Another downside to this model is that it typically creates what is called a zero-sum negotiation, where a gain by one party is a loss to the other. With an insurance claim, the issue is typically limited to money, and the parties already find themselves some distance apart. Obviously, for the Claimant to receive more, the Insurance Company must give more. To resolve such a claim, typically both sides must move from their position into the the space between; in a sense, both parties “lose” a bit.
I’ve heard many mediators tell parties that if they both leave unhappy, it was a fair settlement. There is a sense in which this is true, but it reveals another flaw in this model: It lends itself to settlements in which the parties perceptions never catch up with the negotiation. What I mean is this: You may think your claim is worth $50,000 at the least, and the Insurance Company thinks it is worth $30,000 at the most. A settlement at $40,000 may be the proper amount, but you may leave still believing you should have received $50K, and the Adjuster leaves feeling they overpaid the claim. Many mediators using the Judicial Model fail to see the value in negotiating perceptions, focusing only on the dollars.
The Facilitative Mediation Model
The Facilitative Model (also known as the Problem-Solving or Transformational Model) is what you typically find in neighborhood, workplace and small-claims mediation programs. In this model, the mediator sees his job as facilitating a problem-solving conversation between the parties. While occasionally it is beneficial to separate the parties for individual caucuses with the mediator, this process only works if the parties are in direct communication. The model is also called the Transformational model because a focus of the conversation is to transform the parties perception of what is a proper resolution.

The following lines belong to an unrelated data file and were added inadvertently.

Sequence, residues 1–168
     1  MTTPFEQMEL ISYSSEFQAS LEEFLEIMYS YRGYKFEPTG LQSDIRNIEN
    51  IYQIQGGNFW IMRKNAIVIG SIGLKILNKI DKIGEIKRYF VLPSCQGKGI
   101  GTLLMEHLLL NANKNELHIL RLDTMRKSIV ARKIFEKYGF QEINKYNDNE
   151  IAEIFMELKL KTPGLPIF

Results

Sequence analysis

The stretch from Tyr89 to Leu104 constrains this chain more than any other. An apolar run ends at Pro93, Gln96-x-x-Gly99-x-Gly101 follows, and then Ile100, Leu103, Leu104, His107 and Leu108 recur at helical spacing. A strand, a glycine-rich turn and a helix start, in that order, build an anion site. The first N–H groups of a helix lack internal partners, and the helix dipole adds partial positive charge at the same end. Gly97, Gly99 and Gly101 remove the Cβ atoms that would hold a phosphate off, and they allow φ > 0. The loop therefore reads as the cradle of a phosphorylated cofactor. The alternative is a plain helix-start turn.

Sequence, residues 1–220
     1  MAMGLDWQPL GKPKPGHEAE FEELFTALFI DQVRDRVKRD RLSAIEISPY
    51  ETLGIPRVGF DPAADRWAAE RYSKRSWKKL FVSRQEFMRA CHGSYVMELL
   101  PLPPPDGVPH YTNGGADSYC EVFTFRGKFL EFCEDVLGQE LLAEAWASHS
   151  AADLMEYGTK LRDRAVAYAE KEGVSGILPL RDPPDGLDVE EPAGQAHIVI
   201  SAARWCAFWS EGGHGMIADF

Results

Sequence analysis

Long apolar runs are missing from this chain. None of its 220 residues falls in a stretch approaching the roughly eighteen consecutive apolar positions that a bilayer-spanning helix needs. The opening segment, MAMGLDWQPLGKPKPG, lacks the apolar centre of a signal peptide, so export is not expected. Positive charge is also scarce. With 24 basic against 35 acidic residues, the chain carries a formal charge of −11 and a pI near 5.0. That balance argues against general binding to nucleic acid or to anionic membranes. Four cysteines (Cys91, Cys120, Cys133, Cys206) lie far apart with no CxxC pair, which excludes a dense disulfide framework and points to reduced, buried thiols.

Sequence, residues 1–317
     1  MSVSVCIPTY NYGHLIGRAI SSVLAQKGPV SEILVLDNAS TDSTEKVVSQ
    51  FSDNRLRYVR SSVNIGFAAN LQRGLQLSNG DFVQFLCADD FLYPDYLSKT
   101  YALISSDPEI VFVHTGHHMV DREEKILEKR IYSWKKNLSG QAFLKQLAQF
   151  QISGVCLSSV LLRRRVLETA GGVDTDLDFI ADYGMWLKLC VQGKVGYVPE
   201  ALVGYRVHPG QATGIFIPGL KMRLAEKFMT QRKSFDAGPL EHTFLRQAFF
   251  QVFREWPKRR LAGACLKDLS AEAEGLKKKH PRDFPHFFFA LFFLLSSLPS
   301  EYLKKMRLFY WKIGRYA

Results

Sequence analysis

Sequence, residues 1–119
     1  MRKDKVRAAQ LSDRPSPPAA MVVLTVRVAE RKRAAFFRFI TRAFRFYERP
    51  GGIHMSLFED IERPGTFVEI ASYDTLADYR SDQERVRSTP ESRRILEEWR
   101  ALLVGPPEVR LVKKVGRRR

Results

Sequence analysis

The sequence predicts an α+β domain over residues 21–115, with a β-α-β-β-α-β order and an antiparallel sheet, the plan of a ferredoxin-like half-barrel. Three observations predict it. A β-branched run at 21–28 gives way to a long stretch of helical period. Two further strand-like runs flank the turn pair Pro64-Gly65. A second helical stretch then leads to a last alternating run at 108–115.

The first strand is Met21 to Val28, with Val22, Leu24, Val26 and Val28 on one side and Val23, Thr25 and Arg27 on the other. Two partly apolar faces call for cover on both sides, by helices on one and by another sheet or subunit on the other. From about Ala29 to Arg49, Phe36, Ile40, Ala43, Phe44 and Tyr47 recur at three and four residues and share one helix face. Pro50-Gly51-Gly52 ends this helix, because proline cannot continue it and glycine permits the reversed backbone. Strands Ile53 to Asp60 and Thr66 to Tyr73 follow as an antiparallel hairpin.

One of the theories behind this Problem-Solving Model is that by helping each party see the problem (the Shared Goal) from the other party’s point of view. Theoretically, the more the Adjuster sees things from the Claimant’s point of view, the more apt he or she is to recommend a higher settlement amount, and vice-versa.
However, this model has it’s share of problems, too, as pointed out by John Wade in this article.
A Creative Approach
A good mediator should have more than one trick up his sleeve, so to speak. Often a blend of these different models is helpful in resolving Insurance claims. While an insurance claim is essentially a business issue where the Claimant and Adjuster should have no personal issues between them, it is important to realize that negotiating an insurance claim is still a conversation between two human beings.
If you find yourself mediating an insurance claim, watch the mediator for clues as to his strategy and mediation philosophy; it can be of great help in knowing how to respond to various aspects of the mediation process.
NEXT, some tips and tricks of mediating your claim.